ever & ever
Sparkling Water

ever & ever is a brand with exactly one trick up its sleeve: aluminum.

That’s right, ever & ever has staked their claim on the same thing that literally every sparkling water can has been made out of for decades.

To be fair, ever & ever is attempting to differentiate themselves not in the sparkling water aisle, but in the bottled water aisle, having assumed the mantle of ocean saviors, attempting to “disrupt” the tide of single-use plastic destroying the biosphere.

Although we do have to say we remain skeptical: there’s a million reusable aluminum, glass, and stainless steel water bottles out there.

Adding to the pile of single-use anything, even if it’s recyclable, seems like tilting at windmills to us. It’s reduce, reuse, and then and only then recycle, in that order.

But whatever, we’ll skip the lecture. Everyone needs some kind of Conscious Capitalism™️ bullshit to hang their shingle on these days, and at least it’s slightly better than tossing another Nestlé Whale Destroyer™️ into the waves.

And here in the sparkling water aisle, ever & ever’s entire marketing strategy goes out the window anyway, because you can recycle a can of Pure LaCroix or Waterloo Original just as easily, and without spending as much money.

So! Let’s look at what’s actually in this “ode to aluminum.”

Here’s ever & ever’s other hook: their water is reverse-osmosis filtered and topped off with electrolytes for taste.

Fun fact: reverse osmosis water, like distilled water, will actually start to leach minerals out of your body if you drink too much. So these electrolytes are pulling double-duty in here.

ever & ever claims this sparkling water has a pH of 7.4, which, another fun fact, is the same as human blood. This is a perfectly purified, remineralized, pH-balanced platonic ideal of water.

Tasting Notes

So given all that, we would expect this to taste like nothing except crisp, pure water.

Unfortunately, there’s a lingering bitterness, a faint sourness even. Maybe this comes from the carbonation? We’re not sure.  Some people online say it tastes like pennies.

It’s not an over-the-top aftertaste like in Waterloo’s Original, but it’s not the tastiest water around, either. If you want mineralized, carbonated water, we’ll highly recommend Rambler as an alternative to ever & ever. Or even the howling demons of Liquid Death.

And speaking of carbonation, we initially thought the screw-top on this aluminum “bottle-can” was clever.  Oh!, we thought, this will help keep the bubbles in while we’re drinking it.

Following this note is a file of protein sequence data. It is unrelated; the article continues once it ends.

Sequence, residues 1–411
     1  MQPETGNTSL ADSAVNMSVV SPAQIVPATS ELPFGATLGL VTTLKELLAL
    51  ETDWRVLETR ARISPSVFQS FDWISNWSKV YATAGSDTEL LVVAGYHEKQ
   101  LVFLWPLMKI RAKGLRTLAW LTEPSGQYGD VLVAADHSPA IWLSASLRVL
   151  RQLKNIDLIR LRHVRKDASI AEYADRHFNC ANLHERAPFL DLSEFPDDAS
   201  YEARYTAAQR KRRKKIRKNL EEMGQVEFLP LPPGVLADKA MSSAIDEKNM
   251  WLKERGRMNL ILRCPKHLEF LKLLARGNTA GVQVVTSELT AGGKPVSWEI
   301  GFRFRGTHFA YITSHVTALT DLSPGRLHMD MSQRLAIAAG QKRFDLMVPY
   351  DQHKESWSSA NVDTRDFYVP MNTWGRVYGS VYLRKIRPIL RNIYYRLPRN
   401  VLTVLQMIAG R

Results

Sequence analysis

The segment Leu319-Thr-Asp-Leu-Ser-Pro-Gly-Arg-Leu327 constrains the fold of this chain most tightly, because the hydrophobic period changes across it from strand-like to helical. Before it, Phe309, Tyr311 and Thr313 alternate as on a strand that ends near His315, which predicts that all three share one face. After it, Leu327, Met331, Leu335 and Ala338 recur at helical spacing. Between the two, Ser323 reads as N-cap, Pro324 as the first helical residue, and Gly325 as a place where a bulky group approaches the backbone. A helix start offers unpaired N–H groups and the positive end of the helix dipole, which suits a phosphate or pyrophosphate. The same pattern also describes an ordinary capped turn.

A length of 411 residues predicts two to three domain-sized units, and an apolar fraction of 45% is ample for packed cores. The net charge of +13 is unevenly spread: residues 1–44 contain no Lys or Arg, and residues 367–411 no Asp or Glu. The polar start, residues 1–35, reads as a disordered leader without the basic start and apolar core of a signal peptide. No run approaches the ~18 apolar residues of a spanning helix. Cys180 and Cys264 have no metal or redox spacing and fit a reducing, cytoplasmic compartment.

It’s flat at about the halfway mark, despite us putting the cap on between sips. The flatness winds up highlighting the taste of the water, which again, isn’t offensive but also isn’t great.

The bubbles, when they did exist, were extra fizzy and sharp.  Which we enjoyed, but they kind of shot their load pretty quick.

Ultimately, ever & ever is mediocre, marketing-forward, and expensive. That’s about all we can say about this one.

Maybe we’re just cynical grumps, though, so let’s see what other people have to say!

Business Insider, confusingly, has a bullet point which says “We tasted it and were pleasantly surprised” but in their actual copy all they say is “In short, Ever & Ever’s still water doesn’t taste fantastic.”

Business Insider is really taken by the idea of aluminum, though.

Amazon reviews are decidedly mixed, but skew towards people who aren’t super pumped on the taste but still give high-ish ratings because they love the aluminum concept as much as Business Insider does.


We shrug, because again, in case you missed it, aluminum has been around for a long time.

In fact, it’s such a popular material for beverage containers that there’s been a shortage for the last year.

Maybe we’re missing something, but building an entire brand strategy around the idea of putting mediocre liquid in aluminum is something that Bud Light may as well have a patent on.

But if this is where we’re at as a civilization, with the oceans ever and ever at the mercy of some wild-eyed CMO with an “aluminum!” PR blitz, we’ll take it, we guess.



Filtered Reverse Osmosis Water, Electrolytes for Taste: Magnesium Sulfate, Calcium Chloride, Potassium Bicarbonate, Potassium Chloride

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